26 June 2018

14th London Regiment - Other Rank PoWs 1914


These London Scottish men were all captured by the Germans before Christmas Day 1914. Their regimental numbers are interesting and tell their own story. 217 Corporal Flockhart is the longest served man here, followed by 374 Corporal Carey and 336 Sergeant McGilvray. All three men were almost certainly serving members of the Volunteer Force who transferred to the Territorial Force in April 1908, signing up for further periods of service thereafter.

These men's names appear in two list held by the Imperial War Museum, one list giving their original regimental numbers, the second list showing their new numbers - for those who were still living -  which were issued in 1917.

Corporal Flockhart died in captivity in November 1914, as did 2302 Private Jordan. 2538 Private Gilfillan died on the 6th December 1914 and 2235 Private Wilkins died in March 1915. Home addresses or next of kin addresses in the case of those men who died, are also included in this small sample.

For more information about these so-called 'Princess Mary tin PoWs' see my 1914 PoWs page. The majority of these men will also have records published by the International Committee of the Red Cross. Searching is free; finding your man is another matter entirely.

1777 Private R L Anderson.

2013 Private H S A Bailes, 1573 Private R S Baillie, 2109 Private S F R Baker.

374 Corporal G M M Carey.

1931 Private C A S Dewar.

776 Lance-Corporal C A Farquharason, 217 Corporal W S Flockhart.

2528 Private A Gilfillan, 758 Lance-Corporal J E A Grucky.

1680 Private C H Hart.

1423 Private E T Johnson, 2302 Private George Graeme Jordan.

2046 Private R A S Mackenzie, 2342 Private R M McCallum, 336 Sergeant G McGilvray, 2182 Private A Michie.

1661 Private H C Phelps, 1920 Private C A Prior, 2201 Private D B Pryce.

1546 Private R Quin.

2031 Private A B Stewart.

1561 Lance-Corporal R S Taylor.

2235 Private Leslie Guy Wilkins.

1002 Corporal S Young.

The image I have used on this post pre-dates the Territorial Force. For a good account of The London Scottish read A Stuart Dolden's Cannon Fodder. I had a copy which I bought when it was first published in the early 1980s, and also wrote to the author, receiving a nice response from him. Regrettably, I sold both the book and the letter with it some years ago.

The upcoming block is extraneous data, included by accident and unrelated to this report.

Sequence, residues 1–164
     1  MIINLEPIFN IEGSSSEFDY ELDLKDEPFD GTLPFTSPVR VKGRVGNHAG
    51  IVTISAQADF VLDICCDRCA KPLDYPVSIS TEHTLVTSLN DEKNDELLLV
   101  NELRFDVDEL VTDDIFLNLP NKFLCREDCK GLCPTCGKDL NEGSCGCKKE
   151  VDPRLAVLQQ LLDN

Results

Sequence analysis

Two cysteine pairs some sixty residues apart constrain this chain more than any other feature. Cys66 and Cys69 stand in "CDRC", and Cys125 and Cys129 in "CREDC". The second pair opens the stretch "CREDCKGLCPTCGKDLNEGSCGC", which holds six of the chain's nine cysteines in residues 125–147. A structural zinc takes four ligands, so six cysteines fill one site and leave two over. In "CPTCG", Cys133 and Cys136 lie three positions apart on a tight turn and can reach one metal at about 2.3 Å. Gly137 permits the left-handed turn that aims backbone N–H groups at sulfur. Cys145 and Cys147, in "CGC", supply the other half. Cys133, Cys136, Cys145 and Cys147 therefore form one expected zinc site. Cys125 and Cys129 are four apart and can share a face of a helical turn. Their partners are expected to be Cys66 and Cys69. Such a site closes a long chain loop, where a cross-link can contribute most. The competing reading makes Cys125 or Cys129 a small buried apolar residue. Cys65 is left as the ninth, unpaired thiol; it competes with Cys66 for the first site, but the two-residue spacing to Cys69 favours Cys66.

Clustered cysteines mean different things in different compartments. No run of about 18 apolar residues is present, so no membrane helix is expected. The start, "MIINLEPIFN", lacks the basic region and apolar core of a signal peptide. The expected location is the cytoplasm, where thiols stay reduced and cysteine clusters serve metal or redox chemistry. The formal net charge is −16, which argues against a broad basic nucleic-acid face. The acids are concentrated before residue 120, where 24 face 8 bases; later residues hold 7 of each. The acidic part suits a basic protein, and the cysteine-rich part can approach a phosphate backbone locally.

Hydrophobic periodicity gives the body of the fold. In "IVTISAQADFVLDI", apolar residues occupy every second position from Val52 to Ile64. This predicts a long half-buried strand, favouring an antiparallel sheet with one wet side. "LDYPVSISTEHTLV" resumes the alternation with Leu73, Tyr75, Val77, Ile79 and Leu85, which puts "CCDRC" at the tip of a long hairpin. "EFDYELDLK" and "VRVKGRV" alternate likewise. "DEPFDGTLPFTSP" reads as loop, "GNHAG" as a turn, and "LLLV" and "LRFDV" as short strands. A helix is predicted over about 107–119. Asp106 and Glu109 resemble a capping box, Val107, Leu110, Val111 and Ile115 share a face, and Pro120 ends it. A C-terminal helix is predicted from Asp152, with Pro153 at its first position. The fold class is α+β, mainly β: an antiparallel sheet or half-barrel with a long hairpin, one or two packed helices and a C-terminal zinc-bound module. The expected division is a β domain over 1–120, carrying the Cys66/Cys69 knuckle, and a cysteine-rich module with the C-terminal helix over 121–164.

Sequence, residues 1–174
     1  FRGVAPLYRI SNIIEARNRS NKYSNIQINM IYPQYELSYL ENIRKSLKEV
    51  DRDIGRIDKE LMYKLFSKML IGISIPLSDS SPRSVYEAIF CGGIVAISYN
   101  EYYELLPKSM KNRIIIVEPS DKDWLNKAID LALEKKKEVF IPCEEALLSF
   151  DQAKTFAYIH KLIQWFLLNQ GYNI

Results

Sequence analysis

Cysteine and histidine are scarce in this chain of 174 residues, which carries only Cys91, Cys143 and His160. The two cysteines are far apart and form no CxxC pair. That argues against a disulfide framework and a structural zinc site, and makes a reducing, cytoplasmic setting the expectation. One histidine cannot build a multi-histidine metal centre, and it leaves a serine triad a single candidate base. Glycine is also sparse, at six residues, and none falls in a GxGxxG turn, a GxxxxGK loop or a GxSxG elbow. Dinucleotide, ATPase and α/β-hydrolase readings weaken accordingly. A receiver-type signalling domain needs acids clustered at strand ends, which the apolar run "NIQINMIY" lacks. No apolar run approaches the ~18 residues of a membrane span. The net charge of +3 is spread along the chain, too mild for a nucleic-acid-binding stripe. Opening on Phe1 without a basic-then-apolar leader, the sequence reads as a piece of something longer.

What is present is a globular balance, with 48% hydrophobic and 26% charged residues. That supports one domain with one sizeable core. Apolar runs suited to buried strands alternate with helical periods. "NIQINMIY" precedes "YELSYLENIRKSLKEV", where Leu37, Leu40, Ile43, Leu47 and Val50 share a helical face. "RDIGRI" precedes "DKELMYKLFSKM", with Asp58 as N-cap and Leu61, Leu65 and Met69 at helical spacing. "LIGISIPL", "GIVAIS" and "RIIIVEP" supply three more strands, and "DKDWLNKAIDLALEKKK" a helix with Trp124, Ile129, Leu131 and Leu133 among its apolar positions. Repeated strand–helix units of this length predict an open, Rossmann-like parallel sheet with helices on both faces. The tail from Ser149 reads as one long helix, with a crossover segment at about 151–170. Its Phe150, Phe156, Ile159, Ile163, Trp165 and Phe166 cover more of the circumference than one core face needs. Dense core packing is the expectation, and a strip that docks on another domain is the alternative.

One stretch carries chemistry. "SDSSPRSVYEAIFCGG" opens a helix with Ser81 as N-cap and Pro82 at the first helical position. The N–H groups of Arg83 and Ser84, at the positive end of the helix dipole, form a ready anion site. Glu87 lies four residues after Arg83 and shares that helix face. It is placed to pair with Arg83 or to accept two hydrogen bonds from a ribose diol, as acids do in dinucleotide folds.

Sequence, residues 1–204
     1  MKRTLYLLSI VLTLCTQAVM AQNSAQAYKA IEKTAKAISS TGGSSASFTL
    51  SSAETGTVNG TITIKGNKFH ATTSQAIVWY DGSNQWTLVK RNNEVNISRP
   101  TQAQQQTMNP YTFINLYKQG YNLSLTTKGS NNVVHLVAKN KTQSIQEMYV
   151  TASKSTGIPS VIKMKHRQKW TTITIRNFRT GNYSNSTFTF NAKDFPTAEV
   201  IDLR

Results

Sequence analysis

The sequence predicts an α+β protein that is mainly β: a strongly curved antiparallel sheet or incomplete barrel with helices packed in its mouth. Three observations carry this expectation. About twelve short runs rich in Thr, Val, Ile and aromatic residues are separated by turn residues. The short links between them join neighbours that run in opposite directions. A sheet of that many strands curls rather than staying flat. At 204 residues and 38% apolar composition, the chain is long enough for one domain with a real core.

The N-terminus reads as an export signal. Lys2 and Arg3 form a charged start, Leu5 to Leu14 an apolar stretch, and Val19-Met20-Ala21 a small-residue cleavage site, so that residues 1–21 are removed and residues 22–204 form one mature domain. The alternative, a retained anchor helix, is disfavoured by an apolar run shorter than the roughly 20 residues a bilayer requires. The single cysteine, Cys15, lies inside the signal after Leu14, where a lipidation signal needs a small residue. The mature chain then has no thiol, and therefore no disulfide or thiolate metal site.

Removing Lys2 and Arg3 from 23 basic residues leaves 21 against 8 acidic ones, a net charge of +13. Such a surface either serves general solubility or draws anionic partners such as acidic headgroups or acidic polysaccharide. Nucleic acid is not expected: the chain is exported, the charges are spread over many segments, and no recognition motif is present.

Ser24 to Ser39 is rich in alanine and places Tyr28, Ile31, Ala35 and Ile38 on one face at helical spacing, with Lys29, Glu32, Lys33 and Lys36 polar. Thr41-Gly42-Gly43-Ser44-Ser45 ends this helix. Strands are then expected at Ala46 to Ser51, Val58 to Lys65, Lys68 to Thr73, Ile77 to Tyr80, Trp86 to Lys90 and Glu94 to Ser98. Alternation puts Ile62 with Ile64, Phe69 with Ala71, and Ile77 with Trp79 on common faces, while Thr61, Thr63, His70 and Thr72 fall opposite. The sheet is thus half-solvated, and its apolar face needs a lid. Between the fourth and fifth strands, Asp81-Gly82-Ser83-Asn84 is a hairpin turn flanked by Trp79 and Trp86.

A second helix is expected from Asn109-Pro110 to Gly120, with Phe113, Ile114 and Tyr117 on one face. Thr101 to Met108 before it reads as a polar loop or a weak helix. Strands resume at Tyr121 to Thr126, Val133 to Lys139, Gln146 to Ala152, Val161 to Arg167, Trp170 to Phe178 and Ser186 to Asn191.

Remember. I research soldiers!


10 June 2018

Royal Fusiliers - Public Schools battalions



I've been looking at the fascinating David Knights-Whittome photographic archive on Flickr, a series of named glass photographic plates - the majority of these being portraits of soldiers and nurses who served during the First World War - that were thankfully rescued from a skip before it was too late. I have only just scratched the surface - possibly an inappropriate metaphor - of this archive, and I suspect I have many hours of pleasure in store. 

The beauty of this archive, apart from the clarity of most of the plates, is that the majority were enclosed in envelopes which give basic details about the sitters. And from those basic details it is possible, without a lot of digging, in some cases, to flesh out more information.



Frank Eaden Cook - 19th April 1915

Take the example of F E Cook and J E Cook - two photos of each - whose photos appear next to each other in this online collection. No regimental details are evident from the photos but I had noticed that there are a lot of portraits of men who served with Royal Fusiliers Public Schools battalions and so I ran a free search on my British Army Ancestors website, typing F* E* Cook Royal Fusiliers into the search book. The asterisk here is a wildcard which allows results to be surfaced for F E Cook as well as Frank E Cook, Frederick Ernest Cook etc. 

There was a promising result for a Frank Eaden Cook, a corporal in the 20th Royal Fusiliers, with the regimental number 4669; later a lieutenant with the 10th Manchester Regiment. Seeing that the brothers had been photographed together I suspected that they had probably enlisted together as well. To try and prove this theory I next ran a search for 46* Cook Royal Fusiliers. Lo and behold, PS/4671 John E Cook, 20th Royal Fusiliers was returned in the results. A quick search of the 1911 census then revealed that his middle name was - as I suspected - also Eaden. Frank is recorded as a 20-year-old commercial traveller and John as a 19-year-old designer, both men working in the wool trade, as was their father. The family was living in Huddersfield.



John Eaden Cook - 19th April 1915

The number 4670 was issued to another unrelated 'Cook' and this, I suppose, is the point of this post. There is clear evidence in the 20th (Public Schools) Battalion of men being grouped together alphabetically by surname and then issued with regimental numbers. I am sure that it will be possible, armed with this fact, to identify and fill in more details on some of the other men in the David Knights-Whittome photographic archive, and I look forward to doing so. 

As for the brothers, sadly there is no happy ending to their story. John Eaden Cook was killed in action on the 20th July 1916 whilst serving with the 20th Royal Fusiliers. He has no known grave and is commemorated on the Thiepval Memorial. Frank Eaden Cook won the MC with the Manchester Regiment but was also killed in action on the 20th October 1918. He is buried in Belle Vue British Cemetery, Briastre. 

Thus the Great War claimed the lives of Frederick and Eleanor Cook's two sons. I have added Frank Eaden Cook and John Eaden Cook to the British Army Ancestors' database.